2012: An artsy retrospective
Daily Arts gives you a whirlwind tour of this year’s best.
Published: Thursday, December 6, 2012
Updated: Thursday, December 6, 2012 08:12
The season of finals, snow, seasonal decorations and visiting relatives is upon us once again, which means it’s time to reflect on the cultural contributions of 2012. Folks, it has been a good year. From testosterone-ridden blockbusters like “The Avengers” to the heartfelt whimsy of “Moonrise Kingdom,” the film industry has outdone itself in all genres. Television’s mini golden age continued this past year, with shows like “Girls” and “Louie” breaking new ground and sparking plenty of controversy along the way. Musical debuts from Frank Ocean and Alt-J were particularly strong standouts, while follow-up albums from The xx, Mumford & Sons and Tame Impala proved once and for all that strong beginnings don’t necessitate a sophomore slump. Below, find the movies, TV shows and albums that the Daily deems the year’s best.
2012 will likely go down as the year of the cable drama. HBO, Showtime and AMC have all stepped up their game and created engrossing shows that keep viewers on the edge of their seats. These cable shows have found new ways to push the narrative boundary, altering how stories can be told and where they can go. They have created programs that are darker and more intense than shows used to be, much to the delight of discerning viewers. Hopefully they can find a way to one-up themselves next year, or at the very least maintain the high level of creative and dramatic tension they so effectively cultivated throughout 2012.
With one of the deepest and most brilliant ensembles on television, it’s a no brainer that “Mad Men” made the list. With its perfect period design, riveting stories and powerful emotions, “Mad Men” will likely go down as not only one of the best shows of the year, but also one of the best shows of all time.
Continuing the tradition of melding fanciful and quirky childish humor with surprisingly dark plot lines, Doctor Who is still one of the best sci-fi shows. Ever.
Homeland’s second season struck a balance between answering the audience’s burning questions and maintaining a looming apprehension about what will happen next. As the audience continues to unlock the psychology of Nicholas Brody, the former marine-turned sleeper cell terrorist, “Homeland” never fails to mix political commentary with fascinating characterizations.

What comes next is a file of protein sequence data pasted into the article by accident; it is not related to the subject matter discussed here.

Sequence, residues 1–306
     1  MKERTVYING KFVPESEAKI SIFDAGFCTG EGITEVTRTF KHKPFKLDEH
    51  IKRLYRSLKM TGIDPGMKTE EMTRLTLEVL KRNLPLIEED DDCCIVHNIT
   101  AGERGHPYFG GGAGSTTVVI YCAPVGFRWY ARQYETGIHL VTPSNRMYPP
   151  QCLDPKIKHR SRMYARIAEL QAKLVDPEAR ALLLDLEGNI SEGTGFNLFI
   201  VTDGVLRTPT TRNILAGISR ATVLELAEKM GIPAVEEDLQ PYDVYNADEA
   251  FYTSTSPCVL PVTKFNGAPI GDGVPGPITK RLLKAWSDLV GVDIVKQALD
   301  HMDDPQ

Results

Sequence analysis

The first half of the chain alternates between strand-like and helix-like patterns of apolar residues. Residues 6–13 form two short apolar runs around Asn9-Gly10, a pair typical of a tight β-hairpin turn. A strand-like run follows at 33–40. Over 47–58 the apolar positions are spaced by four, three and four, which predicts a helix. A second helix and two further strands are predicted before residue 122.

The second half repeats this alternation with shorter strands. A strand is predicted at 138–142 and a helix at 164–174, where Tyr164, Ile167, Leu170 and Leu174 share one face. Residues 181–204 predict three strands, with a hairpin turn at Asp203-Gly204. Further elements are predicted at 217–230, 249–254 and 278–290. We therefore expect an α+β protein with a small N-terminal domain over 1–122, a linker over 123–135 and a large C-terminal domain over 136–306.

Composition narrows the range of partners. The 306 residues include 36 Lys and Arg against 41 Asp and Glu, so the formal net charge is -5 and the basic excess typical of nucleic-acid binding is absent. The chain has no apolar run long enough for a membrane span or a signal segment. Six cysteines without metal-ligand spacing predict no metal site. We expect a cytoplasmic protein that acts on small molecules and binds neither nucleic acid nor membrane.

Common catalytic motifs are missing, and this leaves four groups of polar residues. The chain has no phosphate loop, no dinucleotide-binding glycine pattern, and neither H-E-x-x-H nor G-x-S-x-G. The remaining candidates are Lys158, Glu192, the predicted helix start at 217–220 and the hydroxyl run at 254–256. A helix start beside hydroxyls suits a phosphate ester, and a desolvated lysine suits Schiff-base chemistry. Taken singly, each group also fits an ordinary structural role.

Hailed by many to be the best show on television, “Breaking Bad” entered its final season this year, and once again Bryan Cranston awed audiences. The story of Walter White may be drawing to a close, but it has never been more thrilling.
Louis CK is one of the most gifted comedians working today. His show, “Louie,” is an extension of his standup persona and worldview. It perfectly demonstrates just what a hilarious and insightful performer he is.
Every episode of HBO’s “Girls” is like a finely crafted short story. Each is filled with true-to-life characters, hilarious moments and small instances of growth. It’s a show that’s both immensely enjoyable and touchingly honest.
What started out as just another period drama quickly gripped the hearts and minds of Americans and Brits alike. “Downton Abbey” is outrageously successful and its extravagant, decadent look at life in the early 19th century continues to entertain.
“Parks and Recreation”
Consistency is key, and while “Parks and Rec” may not be the funniest show on television these days, it provides a half hour of well-written comedy once a week and its cast is almost impossible not to fall in love with. Nick Offerman’s Ron Swanson alone makes it worth watching.
“The Walking Dead”
Expectations were high for AMC’s apocalyptic zombie series after a slow second season, but the cast and crew certainly delivered, carrying the premiere’s momentum through the finale. Violent, action-packed, well written — what more could one ask for from a TV show?
In a sea of post-”American Idol” singing show spinoffs, “The Voice” stands out above the rest. By pioneering the concept of “blind” auditions where the celebrity panel listens to contestants without looking at them, “The Voice” brings this reality TV genre back to its musical roots, and creates higher stakes and suspense. The all-star group of judges, including Maroon 5 frontman Adam Levine, also increases the show’s credibility and relevance.